- Jul 19, 2018 -
What is a prison cell? What are the necessary settings for the prison?
A prison cell, also known as a prison cell, is a small room in a prison or police station where a prisoner is held. Cells vary according to their furniture, health services and cleanliness, as countries vary according to the degree of punishment that prisoners are sentenced to.
The ICRC recommends a cell area of at least 5.4 square meters. The prison cell ranges from 2 square meters in Guinea to 12 square meters in Switzerland.
In the United States, prison cells are usually about 6 by 8 feet in size, steel or brick walls, and a solid or forbidden door that is locked from the outside. Many modern prison cells are prefabricated. The sturdy door can have a window that allows the prisoner to be seen from the outside.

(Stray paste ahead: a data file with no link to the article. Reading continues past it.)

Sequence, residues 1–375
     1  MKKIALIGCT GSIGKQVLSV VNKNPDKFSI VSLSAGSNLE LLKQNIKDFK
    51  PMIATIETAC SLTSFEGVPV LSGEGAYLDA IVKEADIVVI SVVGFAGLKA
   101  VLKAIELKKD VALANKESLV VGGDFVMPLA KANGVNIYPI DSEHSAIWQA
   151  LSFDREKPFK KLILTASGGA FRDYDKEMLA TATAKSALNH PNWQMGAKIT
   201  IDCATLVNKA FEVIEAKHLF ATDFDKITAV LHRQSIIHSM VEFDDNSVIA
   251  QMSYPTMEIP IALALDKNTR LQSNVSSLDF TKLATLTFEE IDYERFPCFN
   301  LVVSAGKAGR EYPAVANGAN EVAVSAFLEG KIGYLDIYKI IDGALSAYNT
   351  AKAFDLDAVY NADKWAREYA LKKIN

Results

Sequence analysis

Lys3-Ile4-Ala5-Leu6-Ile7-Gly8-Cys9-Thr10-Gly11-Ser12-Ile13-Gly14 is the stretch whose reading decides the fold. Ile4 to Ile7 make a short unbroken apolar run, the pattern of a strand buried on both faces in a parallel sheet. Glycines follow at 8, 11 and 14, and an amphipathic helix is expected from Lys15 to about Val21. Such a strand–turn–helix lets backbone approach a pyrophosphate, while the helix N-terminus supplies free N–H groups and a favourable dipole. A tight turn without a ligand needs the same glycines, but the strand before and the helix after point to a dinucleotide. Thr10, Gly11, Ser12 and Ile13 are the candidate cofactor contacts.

The structure of the furniture and fixtures in the battery makes it difficult to break and is fixed to a wall or floor. A stainless steel washroom and toilet are also used. This prevents vandalism or the manufacture of weapons.
There are many prison and prison cell configurations, ranging from simple police stations to large cells in larger correctional facilities. The practice of assigning only one prisoner to each cell in the prison is called a single cell.
In many countries, batteries are dirty and facilities are few. Other countries may accommodate many criminals in prisons, making the cells crowded.